At one point, just as we were about to escape the maddening Rohtang Pass, Pittu braked hard, sending the Germans flying from their seats. He turned around, stared angrily at the four of them picking themselves up, and said, “Please!” They laughed nervously, unsure how it was their fault, and the Tempo continued on its creaky way.
Leh is very high, 11,500 feet above sea level, and on the way there we would go through Taglang La, the second highest road pass in India at 17,480 feet. In order to minimize the risk of altitude sickness we stopped for the day at a campsite in a small village called Jispa. Thanks to Pittu’s overtaking, we had reached early in the afternoon and had many hours to kill.
“What can we do here?” asked one of us.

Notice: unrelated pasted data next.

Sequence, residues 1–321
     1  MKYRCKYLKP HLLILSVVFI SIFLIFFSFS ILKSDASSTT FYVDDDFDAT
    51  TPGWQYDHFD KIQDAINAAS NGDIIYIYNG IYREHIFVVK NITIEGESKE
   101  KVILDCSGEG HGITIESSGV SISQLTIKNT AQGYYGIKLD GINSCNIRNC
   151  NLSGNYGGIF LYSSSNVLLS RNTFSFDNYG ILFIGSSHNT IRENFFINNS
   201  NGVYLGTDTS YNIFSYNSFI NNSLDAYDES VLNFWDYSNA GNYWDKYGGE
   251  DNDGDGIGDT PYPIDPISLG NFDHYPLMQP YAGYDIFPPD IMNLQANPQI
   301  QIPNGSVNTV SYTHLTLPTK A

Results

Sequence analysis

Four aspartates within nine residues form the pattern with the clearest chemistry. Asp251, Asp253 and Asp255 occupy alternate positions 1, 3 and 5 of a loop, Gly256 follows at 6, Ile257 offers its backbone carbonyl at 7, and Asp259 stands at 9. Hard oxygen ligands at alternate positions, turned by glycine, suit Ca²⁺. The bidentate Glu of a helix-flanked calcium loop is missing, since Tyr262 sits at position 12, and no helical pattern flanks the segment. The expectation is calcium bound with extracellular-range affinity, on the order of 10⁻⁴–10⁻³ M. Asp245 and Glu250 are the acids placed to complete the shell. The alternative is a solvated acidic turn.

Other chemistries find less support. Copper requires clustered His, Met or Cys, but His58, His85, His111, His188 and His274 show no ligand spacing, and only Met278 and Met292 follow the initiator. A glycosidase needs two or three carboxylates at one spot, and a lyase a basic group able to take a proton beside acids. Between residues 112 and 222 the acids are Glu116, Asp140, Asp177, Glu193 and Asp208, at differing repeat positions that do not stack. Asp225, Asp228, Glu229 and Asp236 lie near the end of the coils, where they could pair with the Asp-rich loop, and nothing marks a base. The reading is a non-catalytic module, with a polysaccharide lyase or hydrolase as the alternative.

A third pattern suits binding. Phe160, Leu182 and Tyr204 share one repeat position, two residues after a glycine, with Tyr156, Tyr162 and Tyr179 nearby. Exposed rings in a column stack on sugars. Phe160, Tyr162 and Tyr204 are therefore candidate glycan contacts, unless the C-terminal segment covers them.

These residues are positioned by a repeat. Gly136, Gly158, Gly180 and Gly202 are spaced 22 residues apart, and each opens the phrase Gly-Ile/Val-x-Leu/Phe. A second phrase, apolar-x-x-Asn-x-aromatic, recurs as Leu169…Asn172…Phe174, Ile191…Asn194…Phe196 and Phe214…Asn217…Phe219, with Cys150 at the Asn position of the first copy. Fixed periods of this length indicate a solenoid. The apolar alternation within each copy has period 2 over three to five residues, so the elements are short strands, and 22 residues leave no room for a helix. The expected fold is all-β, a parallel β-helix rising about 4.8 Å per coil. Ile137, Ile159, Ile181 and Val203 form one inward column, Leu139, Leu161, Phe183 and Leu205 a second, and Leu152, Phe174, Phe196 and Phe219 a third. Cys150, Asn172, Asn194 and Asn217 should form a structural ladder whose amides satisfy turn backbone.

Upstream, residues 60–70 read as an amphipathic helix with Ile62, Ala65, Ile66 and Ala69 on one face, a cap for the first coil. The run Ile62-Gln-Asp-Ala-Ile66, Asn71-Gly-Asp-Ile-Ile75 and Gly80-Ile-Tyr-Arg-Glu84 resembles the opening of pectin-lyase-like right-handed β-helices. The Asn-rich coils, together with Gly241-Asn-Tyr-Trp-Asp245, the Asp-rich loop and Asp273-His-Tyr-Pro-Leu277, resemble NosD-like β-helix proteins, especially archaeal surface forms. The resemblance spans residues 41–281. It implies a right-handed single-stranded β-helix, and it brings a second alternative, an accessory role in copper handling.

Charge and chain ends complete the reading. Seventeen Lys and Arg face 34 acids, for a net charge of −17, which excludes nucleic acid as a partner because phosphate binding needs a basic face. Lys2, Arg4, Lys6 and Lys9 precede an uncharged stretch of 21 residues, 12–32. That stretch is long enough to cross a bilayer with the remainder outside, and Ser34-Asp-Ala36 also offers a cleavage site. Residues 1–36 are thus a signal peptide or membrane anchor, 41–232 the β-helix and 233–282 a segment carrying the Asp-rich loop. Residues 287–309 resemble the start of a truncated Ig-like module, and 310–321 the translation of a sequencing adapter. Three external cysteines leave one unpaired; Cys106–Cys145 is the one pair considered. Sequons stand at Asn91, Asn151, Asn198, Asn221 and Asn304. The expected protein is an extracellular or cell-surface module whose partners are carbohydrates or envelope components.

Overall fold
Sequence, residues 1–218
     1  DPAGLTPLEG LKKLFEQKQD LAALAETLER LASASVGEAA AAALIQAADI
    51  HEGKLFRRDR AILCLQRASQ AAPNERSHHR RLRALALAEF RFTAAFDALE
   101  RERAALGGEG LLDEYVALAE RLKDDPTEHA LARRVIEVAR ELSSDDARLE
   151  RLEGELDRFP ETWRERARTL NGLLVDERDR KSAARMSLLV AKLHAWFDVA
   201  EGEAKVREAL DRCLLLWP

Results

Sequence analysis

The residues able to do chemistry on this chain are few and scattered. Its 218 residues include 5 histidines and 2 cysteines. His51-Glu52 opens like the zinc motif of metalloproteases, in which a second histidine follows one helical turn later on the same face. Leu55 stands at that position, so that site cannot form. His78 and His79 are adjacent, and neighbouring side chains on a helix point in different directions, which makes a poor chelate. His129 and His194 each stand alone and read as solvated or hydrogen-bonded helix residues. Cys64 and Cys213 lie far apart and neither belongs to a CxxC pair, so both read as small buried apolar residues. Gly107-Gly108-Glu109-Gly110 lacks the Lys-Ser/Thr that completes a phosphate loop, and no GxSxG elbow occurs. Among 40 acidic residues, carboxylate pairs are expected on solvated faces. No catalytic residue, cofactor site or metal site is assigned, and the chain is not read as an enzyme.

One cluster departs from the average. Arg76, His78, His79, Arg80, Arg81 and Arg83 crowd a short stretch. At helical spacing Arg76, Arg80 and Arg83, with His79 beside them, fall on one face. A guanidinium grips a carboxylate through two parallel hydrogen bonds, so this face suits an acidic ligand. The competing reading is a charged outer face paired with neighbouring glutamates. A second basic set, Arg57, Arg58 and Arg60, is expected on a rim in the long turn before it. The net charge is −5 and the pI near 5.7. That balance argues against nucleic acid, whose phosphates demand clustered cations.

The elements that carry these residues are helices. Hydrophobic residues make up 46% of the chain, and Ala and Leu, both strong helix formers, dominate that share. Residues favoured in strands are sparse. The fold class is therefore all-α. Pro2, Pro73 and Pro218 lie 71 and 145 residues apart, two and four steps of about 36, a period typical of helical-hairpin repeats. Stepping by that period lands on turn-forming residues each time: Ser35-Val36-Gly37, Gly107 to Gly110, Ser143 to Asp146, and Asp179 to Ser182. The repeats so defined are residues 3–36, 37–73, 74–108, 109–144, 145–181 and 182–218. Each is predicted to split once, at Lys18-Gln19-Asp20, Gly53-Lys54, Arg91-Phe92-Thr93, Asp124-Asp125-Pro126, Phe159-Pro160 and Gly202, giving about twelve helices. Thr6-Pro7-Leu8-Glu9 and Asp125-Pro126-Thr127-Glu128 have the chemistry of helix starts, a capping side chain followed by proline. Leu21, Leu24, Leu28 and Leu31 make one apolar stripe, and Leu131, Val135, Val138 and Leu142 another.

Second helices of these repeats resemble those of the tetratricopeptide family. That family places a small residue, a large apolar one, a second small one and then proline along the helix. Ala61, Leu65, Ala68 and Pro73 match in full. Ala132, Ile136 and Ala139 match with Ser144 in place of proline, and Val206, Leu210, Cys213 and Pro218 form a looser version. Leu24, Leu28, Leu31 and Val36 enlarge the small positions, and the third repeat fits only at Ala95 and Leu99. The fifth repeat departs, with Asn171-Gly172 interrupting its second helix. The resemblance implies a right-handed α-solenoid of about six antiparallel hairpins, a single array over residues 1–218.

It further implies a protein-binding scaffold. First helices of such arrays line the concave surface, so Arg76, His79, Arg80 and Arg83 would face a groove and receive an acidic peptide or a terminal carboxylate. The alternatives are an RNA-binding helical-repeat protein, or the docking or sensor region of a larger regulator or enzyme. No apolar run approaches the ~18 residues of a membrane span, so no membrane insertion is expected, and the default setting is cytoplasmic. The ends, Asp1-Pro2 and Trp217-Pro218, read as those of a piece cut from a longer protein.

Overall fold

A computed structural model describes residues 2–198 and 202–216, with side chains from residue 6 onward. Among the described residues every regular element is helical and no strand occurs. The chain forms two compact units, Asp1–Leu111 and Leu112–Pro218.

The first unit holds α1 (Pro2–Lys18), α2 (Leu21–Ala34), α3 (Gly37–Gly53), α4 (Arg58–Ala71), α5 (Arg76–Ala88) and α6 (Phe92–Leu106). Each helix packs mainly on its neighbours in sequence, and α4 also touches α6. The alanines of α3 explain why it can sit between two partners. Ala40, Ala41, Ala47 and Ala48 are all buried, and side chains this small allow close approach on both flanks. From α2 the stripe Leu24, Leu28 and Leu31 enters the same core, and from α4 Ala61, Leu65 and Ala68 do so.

Pittu looked baffled. He muttered that we could eat, sleep, and sit by the river. “But whatever you do, be ready by four tomorrow.”
“Four in the morning!?”
“Yes. Bad weather. Long way.”
“Chaar baj gaye?” asked Pittu when my alarm rang at four.
“Haan,” I grunted.
He got up, turned on the lone bulb in our tent, and within seconds was on his way towards the kitchen tent.
“No breakfast!? Arre behenchod!”
His voice carried clearly in the quiet morning. Armed with a flashlight and all my winter clothing, I walked out of the tent. A quarter moon was visible. So were snowy mountains set against a cobalt blue sky. In the beam of my flashlight, I saw my fellow travelers heading with their bags towards the van. I followed suit.
“No breakfast?” I asked Pittu as he started the van.
“Behenchod so raha hai!” he said, referring to the campsite manager who had promised us food in the morning but was now fast asleep.